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UNM tuition up by 13.2% for some

ALBUQUERQUE, N.M. — A new tuition model at the University of New Mexico that increases the cost for some students by 13.2 percent will make way for the first salary increase for faculty and staff in four years.

UNM regents on Tuesday approved a new model, a tuition increase, an increase in student fees for athletics and a 3 percent raise for faculty. Also included in the budget was a 1 percent raise for staff along with a one-time, $1,000 in supplemental pay and additional permanent funding for struggling libraries to the tune of $466,000.

The vote, 5-2 with regents Conrad James and Heidi Overton dissenting, came after numerous hours of presentations and discussion.

The budget regents ended up approving for the fiscal year that starts July is $2.4 billion, including a Health Sciences Center budget of $1.5 billion.

In essence, UNM is changing the way it charges tuition so that students will pay per credit hour. Now, students pay for a total of 12 credit hours, but don’t pay extra for credits beyond that.

Tuition will cost less per credit hour for students who take 15 hours or more, while students who take less than 15 credit hours will pay a higher rate. The goal is to get students to graduate faster and accrue less student debt, while increasing the university’s four-year graduation rate of 15 percent and six-year rate of 45.8 percent.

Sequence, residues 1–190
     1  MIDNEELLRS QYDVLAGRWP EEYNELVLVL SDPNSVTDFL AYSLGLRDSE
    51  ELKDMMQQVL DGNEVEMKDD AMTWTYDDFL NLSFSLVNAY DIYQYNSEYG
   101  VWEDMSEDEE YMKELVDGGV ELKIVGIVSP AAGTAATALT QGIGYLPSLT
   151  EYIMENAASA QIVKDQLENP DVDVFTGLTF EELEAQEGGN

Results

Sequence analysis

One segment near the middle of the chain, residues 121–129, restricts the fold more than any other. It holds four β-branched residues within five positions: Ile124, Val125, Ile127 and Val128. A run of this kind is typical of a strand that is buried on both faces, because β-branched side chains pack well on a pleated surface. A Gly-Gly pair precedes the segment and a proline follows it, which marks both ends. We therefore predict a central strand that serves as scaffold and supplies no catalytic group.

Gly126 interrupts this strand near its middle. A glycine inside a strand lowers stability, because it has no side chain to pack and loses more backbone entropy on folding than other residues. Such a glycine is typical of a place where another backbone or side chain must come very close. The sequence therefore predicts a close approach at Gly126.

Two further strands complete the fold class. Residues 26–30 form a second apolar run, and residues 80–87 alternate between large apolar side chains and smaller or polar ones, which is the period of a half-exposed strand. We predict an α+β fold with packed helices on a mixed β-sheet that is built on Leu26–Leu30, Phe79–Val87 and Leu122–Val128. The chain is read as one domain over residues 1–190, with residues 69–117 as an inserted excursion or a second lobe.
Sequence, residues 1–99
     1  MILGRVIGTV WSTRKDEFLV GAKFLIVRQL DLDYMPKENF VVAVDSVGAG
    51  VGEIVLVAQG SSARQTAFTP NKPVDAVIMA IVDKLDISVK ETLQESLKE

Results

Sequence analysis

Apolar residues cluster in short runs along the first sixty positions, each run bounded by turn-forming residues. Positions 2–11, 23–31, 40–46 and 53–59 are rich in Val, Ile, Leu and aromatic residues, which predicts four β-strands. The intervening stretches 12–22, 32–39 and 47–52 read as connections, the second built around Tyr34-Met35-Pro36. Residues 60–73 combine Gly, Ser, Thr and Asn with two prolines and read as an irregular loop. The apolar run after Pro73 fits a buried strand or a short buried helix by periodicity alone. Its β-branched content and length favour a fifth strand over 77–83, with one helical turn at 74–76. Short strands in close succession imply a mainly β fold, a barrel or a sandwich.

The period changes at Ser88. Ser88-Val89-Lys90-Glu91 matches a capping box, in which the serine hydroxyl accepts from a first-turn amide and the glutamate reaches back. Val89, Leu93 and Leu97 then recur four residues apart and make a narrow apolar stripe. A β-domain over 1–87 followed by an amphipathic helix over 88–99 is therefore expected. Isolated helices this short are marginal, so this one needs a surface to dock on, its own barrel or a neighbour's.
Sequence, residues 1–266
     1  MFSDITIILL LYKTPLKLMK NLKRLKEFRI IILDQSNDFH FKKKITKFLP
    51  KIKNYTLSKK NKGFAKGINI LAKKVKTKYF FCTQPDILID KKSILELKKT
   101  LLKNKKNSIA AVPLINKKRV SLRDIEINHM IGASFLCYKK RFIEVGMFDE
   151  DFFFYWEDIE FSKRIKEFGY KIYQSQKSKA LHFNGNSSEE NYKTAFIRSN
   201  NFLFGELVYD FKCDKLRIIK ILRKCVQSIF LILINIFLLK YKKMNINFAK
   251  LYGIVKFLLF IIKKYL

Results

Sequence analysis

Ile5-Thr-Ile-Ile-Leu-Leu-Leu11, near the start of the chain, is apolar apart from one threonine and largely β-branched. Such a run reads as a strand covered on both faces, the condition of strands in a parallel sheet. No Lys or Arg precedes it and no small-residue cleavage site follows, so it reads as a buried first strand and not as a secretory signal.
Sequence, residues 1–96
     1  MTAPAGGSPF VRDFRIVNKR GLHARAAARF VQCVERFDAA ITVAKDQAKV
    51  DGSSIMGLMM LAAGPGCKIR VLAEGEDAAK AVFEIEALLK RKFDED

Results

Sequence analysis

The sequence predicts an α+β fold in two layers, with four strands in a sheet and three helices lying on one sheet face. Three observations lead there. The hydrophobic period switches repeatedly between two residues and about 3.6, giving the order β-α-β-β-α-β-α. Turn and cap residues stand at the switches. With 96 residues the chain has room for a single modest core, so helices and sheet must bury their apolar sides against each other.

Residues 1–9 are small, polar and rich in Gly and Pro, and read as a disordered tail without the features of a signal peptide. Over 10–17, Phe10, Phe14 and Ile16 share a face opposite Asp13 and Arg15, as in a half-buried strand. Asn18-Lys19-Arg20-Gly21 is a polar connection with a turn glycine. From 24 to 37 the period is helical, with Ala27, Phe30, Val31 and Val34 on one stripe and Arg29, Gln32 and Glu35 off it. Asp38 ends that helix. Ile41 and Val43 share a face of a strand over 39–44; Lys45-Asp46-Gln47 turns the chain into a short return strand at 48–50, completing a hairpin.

All UNM full-time students, or those who take 12 credit hours or more, currently pay $6,050 in tuition and fees.

The new structure means two different increases: 13.2 percent for students who stick to less than 15 hours, and about 6.6 percent for those who already take at least 15 hours, but until now have been doing so at no extra cost. Twenty percent of the revenue generated by the tuition increase will be used for financial aid.

Regents president Jack Fortner said the board believed it was paramount to increase faculty salaries.

“The greatest asset we have is our experience, our people,” Fortner said. “So we had to do something, and that something was a 6.6 percent increase.”

Regents also approved increasing the amount in student fees for athletics, which students strongly opposed.

Student fees for athletics in the past two years have doubled, and students argued that while they supported the department, they felt it was inappropriate to fund more of its budget through students instead of other sources.

In the end, a recommendation from the Student Fee Review Board to keep fees for athletics as is, was overruled. Students next year will pay $165.20 for athletics, which is an increase of more than $33 over this year. Athletics will now get $4 million from fees. Now it gets a little over $3 million.
— This article appeared on page C01 of the Albuquerque Journal



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